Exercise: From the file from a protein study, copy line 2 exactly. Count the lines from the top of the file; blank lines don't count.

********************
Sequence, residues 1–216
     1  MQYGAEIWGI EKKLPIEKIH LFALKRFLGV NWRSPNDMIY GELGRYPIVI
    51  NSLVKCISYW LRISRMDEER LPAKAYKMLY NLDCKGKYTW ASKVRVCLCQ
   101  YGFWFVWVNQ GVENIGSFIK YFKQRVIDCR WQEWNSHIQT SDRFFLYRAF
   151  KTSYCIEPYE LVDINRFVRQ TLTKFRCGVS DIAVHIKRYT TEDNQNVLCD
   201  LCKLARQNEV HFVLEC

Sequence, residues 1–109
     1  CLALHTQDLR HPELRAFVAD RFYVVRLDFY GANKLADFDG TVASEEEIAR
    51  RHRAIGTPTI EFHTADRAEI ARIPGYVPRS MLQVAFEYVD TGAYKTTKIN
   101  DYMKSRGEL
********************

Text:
     1  MQYGAEIWGI EKKLPIEKIH LFALKRFLGV NWRSPNDMIY GELGRYPIVI